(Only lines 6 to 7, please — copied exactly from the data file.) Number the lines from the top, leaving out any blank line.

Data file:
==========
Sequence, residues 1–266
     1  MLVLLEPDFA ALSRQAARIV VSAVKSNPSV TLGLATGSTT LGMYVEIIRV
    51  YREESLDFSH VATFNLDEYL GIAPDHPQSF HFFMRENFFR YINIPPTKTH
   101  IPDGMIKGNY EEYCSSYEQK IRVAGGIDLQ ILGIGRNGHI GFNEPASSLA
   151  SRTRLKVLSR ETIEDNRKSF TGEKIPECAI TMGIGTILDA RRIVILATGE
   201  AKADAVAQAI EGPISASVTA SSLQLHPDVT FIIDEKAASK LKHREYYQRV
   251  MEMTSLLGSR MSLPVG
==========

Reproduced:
   201  AKADAVAQAI EGPISASVTA SSLQLHPDVT FIIDEKAASK LKHREYYQRV
   251  MEMTSLLGSR MSLPVG